Japan – An Enigma
(February 13, 2011)
Dear Subscribers and Readers,
Let us begin our commentary with a review of our 13 most recent signals in our DJIA Timing System:
1st signal entered: 50% short position on October 4, 2007 at 13,956;
2nd signal entered: 50% short position COVERED on January 9, 2008 at 12,630, giving us a gain of 1,326 points.
3rd signal entered: 50% long position on January 9, 2008 at 12,630;
4th signal entered: Additional 50% long position on January 22, 2008 at 11,715;
5th signal entered: 100% long position SOLD on May 22, 2008 at 12,640, giving us gains of 925 and 10 points, respectively;
6th signal entered: 50% long position on June 12, 2008 at 12,172;
7th signal entered: Additional 50% long position on June 25, 2008 at 11,863;
8th signal entered: Additional 25% long position on February 24, 2009 at 7,250;
9th signal entered: 25% long position SOLD on June 8, 2009 at 8,667, giving us a gain of 1,417 points;
10th signal entered: 50% long position SOLD on March 29, 2010 at 10,888, giving us a loss of 1,284 points.
11th signal entered: 50% long position SOLD on April 27, 2010 at 11,044, giving us a loss of 819 points;
12th signal entered: 50% long position initiated on May 21, 2010 at 10,145;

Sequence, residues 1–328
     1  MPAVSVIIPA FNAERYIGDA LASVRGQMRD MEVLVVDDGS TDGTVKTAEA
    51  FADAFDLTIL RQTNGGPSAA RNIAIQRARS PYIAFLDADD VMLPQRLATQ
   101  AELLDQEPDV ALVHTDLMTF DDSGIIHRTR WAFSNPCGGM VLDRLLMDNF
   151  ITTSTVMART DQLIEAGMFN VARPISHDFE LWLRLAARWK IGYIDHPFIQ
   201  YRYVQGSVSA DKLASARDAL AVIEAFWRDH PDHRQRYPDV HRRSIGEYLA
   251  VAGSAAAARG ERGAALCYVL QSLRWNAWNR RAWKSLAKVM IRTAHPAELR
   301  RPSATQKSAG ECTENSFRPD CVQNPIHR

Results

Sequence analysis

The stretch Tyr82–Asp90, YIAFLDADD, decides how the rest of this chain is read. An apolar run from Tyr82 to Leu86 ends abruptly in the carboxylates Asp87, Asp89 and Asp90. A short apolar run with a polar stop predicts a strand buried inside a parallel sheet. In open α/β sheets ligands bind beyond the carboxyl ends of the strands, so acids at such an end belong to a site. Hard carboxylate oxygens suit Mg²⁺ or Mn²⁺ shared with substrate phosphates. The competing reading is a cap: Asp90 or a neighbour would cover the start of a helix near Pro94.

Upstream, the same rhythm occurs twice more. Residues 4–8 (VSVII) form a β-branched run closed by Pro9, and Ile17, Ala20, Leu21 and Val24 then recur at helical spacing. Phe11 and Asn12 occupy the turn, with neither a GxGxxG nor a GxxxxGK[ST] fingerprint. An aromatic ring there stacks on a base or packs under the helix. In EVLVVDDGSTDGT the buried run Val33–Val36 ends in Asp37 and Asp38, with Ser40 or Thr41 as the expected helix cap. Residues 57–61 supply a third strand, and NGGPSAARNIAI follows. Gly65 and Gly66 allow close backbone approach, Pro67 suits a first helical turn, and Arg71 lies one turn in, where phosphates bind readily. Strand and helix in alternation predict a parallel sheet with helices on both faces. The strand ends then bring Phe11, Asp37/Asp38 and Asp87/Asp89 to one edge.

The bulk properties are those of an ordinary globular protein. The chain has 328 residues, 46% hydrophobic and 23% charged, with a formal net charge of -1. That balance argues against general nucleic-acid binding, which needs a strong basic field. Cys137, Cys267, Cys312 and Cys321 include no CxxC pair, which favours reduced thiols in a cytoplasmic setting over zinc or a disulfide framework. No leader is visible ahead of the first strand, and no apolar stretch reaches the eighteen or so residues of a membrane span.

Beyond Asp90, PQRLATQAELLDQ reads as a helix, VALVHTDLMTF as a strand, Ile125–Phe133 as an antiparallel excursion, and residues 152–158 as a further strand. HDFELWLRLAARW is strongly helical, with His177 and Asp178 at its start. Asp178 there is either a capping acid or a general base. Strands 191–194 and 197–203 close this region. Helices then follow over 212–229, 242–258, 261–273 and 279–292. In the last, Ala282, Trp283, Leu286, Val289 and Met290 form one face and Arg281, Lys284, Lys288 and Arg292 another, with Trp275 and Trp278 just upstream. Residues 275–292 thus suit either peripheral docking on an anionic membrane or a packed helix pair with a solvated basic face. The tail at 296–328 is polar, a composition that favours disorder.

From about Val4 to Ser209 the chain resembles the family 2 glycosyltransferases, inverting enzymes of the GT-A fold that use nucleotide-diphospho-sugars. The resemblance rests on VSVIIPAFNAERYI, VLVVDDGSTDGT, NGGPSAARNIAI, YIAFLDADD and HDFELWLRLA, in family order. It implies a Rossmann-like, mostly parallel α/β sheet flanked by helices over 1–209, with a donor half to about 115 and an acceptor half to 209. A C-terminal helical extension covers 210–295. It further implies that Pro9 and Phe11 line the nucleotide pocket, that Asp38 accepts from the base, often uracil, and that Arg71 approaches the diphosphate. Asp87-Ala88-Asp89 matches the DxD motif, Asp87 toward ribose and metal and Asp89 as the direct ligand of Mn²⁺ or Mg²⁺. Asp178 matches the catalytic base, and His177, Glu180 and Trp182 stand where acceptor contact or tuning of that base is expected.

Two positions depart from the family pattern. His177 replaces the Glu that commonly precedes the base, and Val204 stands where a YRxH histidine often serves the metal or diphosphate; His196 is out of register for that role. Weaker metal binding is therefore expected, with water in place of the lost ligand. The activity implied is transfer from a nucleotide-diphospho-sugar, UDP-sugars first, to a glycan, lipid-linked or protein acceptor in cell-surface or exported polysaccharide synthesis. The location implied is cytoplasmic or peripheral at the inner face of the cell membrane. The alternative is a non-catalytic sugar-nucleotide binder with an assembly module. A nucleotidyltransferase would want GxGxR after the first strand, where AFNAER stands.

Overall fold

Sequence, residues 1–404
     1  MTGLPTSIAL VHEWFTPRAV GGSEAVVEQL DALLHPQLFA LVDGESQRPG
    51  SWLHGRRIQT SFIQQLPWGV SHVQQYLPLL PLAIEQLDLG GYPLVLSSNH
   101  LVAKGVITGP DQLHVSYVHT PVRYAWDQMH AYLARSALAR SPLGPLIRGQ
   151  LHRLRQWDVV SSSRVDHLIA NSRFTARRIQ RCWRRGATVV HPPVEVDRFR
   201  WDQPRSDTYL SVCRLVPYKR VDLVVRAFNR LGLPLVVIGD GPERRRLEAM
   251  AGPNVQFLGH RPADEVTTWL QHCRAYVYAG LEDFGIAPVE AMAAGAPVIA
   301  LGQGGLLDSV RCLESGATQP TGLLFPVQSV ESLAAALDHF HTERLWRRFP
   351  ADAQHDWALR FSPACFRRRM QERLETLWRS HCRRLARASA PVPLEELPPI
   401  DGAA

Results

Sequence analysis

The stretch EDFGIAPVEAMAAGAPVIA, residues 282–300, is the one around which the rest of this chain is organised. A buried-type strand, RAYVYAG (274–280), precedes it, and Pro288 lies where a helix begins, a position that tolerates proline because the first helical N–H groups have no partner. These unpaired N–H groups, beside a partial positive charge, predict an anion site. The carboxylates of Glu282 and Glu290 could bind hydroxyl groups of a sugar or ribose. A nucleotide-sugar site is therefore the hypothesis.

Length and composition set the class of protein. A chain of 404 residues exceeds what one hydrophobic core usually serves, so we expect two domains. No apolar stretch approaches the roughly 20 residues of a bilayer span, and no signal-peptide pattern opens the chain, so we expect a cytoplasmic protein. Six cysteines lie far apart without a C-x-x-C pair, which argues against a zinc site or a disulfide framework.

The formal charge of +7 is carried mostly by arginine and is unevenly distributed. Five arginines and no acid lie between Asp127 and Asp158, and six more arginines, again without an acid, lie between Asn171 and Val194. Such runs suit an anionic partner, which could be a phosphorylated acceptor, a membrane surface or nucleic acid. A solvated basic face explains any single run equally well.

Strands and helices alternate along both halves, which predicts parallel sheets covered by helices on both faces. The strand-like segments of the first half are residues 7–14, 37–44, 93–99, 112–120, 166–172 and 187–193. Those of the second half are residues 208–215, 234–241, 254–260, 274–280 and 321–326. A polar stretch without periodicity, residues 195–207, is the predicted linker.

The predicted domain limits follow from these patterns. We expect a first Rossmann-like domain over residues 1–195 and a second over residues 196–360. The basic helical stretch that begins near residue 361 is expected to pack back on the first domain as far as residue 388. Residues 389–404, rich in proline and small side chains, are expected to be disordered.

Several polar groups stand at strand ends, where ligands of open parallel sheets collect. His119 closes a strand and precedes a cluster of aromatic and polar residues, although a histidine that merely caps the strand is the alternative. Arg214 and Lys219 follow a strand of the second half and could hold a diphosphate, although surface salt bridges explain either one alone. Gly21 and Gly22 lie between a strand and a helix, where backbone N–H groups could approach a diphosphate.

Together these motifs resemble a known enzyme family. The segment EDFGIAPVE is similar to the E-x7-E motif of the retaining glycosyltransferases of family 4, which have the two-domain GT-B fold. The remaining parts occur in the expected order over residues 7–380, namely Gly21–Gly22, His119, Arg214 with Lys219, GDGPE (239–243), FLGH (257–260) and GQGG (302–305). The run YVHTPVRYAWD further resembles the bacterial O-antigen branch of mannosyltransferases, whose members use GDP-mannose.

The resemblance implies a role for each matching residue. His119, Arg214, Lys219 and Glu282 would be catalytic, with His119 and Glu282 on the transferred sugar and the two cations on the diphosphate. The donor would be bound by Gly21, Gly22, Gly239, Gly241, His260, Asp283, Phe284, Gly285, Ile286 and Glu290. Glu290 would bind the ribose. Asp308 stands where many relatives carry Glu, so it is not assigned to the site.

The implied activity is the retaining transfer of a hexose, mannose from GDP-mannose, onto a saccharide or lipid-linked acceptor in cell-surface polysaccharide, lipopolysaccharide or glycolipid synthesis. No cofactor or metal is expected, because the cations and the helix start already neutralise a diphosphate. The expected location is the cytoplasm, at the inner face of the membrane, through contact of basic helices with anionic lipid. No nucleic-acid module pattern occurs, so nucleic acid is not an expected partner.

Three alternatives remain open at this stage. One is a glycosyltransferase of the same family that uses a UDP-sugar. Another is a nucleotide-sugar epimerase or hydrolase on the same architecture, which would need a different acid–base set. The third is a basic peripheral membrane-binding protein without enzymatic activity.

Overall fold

13th signal entered: 50% long position SOLD on December 15, 2010 at 11,487, giving us a gain of 1,342 points; the DJIA Timing system is currently in a neutral position.
Since we shifted from a 50% long position to a completely neutral position in our DJIA Timing System on December 15, 2010, the market has kept powering higher, despite the overbought conditions, the negative divergences, and overly investors' bullish sentiment (equity mutual fund inflows just turned positive in January and early February, after being in negative territory for the vast majority of this bull market). Most of our indicators (including Lowry's proprietary Buying Power and Selling Pressure indices) are still signaling a 5% to 10% market correction sooner rather than later. Should the Dow Industrials rise further to the 12,500 to 13,000 level, we will likely shift to a 50% short position in our DJIA Timing System (if that occurs, we will look for a 7% to 12% correction). Subscribers please get ready for the ride.